MANHATTAN, New York A man walking along Lenox Avenue one evening in New York's Harlem stopped to peel back a piece of plywood lining the construction site of a new meetinghouse.
"Looks like the Mormons are coming," he said to a passerby.
Unknown to the man, he was addressing Joseph Appiah, a recently married young man who was on his way to a Harlem Branch presidency meeting.
"Little does he know; we're already here," Brother Appiah thought.
Construction on the first-ever, Church-built meetinghouse in Harlem began several days before the dedication of the Manhattan New York Temple on June 13. Since then, the foundation has been laid and construction is underway. Located on Lenox Avenue and 129th Street, it will have high visibility in an area recognized for its strong ethnic mix.
Plans to build a meetinghouse in Harlem initially stirred the resentment of some area residents several years ago when property was purchased and plans were announced.
"I don't know how receptive Harlem is going to be to Mormons trying to transform people," said Stanley Gleaton, chairman of the Community Board 10, as quoted in an Aug. 18, 2001, New York Times article.
Some local officials didn't understand why the Church wanted to establish a major presence in a black neighborhood.
Assemblyman Keith Wright was outspoken in his concern. His feelings changed months later when his son's youth football team was aided by former BYU coach LaVell Edwards. After the boy's team received donations from professional football teams because of Brother Edwards, and after a banquet sponsored by the Church at the end of the season, Assemblyman Wright became a friend of the Church, spending an afternoon at the Manhattan temple open house.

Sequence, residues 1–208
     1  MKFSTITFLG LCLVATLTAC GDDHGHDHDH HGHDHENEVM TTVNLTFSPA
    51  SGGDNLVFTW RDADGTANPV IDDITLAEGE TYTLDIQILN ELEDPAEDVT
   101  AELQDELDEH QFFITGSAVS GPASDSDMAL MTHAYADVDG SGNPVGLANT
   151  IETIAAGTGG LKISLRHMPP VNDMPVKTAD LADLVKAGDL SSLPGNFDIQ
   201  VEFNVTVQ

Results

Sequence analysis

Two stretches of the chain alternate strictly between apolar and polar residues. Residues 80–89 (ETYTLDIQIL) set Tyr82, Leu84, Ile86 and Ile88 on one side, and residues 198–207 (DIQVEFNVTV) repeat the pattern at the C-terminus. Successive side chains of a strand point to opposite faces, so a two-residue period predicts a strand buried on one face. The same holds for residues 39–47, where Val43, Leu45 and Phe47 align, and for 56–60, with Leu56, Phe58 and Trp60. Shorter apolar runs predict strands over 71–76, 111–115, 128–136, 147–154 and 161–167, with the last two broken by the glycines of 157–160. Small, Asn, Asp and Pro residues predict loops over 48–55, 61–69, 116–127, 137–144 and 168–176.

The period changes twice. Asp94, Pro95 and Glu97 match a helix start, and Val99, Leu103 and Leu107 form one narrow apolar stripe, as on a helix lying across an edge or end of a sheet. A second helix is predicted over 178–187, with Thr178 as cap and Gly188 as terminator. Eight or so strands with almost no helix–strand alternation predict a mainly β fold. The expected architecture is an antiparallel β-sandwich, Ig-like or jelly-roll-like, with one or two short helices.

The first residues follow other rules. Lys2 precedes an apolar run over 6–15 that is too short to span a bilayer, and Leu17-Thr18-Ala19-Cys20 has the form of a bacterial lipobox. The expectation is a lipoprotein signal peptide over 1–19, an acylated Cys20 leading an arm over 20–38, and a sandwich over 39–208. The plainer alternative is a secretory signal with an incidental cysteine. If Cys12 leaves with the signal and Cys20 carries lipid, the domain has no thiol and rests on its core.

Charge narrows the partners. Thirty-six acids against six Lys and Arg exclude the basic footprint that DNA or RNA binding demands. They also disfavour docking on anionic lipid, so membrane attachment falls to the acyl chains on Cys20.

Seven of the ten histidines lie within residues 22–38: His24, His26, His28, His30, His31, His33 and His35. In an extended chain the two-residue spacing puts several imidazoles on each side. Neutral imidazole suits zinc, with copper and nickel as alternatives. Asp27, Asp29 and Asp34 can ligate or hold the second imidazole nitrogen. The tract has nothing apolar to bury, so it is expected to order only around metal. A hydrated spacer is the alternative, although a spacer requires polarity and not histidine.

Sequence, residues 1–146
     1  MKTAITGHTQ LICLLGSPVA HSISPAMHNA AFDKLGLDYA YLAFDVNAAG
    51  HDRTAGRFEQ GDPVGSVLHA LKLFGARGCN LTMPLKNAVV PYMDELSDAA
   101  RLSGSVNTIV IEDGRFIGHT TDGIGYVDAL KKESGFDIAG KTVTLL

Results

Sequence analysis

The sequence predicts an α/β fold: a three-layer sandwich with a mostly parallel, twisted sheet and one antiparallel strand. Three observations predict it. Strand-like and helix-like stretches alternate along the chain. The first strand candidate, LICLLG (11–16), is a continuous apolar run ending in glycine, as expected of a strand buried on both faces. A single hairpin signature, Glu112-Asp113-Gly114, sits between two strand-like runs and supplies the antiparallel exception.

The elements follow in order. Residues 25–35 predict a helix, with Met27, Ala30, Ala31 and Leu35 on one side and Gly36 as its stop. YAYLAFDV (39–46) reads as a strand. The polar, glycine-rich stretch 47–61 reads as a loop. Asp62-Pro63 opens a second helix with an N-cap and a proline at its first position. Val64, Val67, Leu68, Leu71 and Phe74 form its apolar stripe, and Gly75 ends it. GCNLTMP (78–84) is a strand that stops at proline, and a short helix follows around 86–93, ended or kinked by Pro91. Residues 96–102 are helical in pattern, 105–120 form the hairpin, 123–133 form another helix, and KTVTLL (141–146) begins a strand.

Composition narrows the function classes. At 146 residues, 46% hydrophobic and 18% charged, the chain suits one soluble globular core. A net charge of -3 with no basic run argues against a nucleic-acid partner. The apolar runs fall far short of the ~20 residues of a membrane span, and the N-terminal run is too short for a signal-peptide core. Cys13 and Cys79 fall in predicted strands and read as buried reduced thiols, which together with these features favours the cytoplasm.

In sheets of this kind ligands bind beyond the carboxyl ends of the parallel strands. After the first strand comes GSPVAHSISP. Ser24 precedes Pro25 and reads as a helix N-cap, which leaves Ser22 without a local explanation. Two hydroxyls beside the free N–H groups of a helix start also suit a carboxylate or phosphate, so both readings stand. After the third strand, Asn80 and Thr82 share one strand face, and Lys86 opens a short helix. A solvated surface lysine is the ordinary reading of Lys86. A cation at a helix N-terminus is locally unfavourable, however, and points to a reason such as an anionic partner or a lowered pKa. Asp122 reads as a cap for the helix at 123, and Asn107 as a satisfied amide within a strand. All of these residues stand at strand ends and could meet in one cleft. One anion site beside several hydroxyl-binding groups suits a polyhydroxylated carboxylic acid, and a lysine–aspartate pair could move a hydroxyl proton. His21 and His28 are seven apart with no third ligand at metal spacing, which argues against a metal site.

Efforts by the Church's Harlem Bridge Building Committee to foster goodwill has reshaped opinion among civic leaders, allowing the four-story project to continue.
The committee has been inventive and aggressive in the community, according to President Brent Belnap of the New York New York Stake, describing how members of the committee and branch have taken high-profile roles in community events, and helped organize neighborhood block parties where they provided hot dogs and buns. They've assisted the police and mentored inner city students. Some of their most effective efforts may have come from working with other denominations.
For three years, members of the branch have sponsored a family history booth as part of the annual Harlem Days festivities. Many residents have stopped at the display to search their ancestry and left with friendly feelings toward the Church.
"The patch garden beside the current meetinghouse has become the pride of the neighborhood," President Belnap said. Once a vacant lot of rubble and weeds and scattered debris, members created a beautiful garden of flowers and vegetables.
"People walk past the meetinghouse and see members working in the garden and yell to ask if they can help," President Belnap said. "Can you imagine the beauty a green garden brings to Harlem?"
Some people view Harlem as a poor place with people lacking in faith, said Elder Ronald A. Rasband of the Seventy, who is a "great proponent of Harlem," having served as the New York North mission president in the late 90s, and as a missionary in the Eastern States Mission in the early 70s.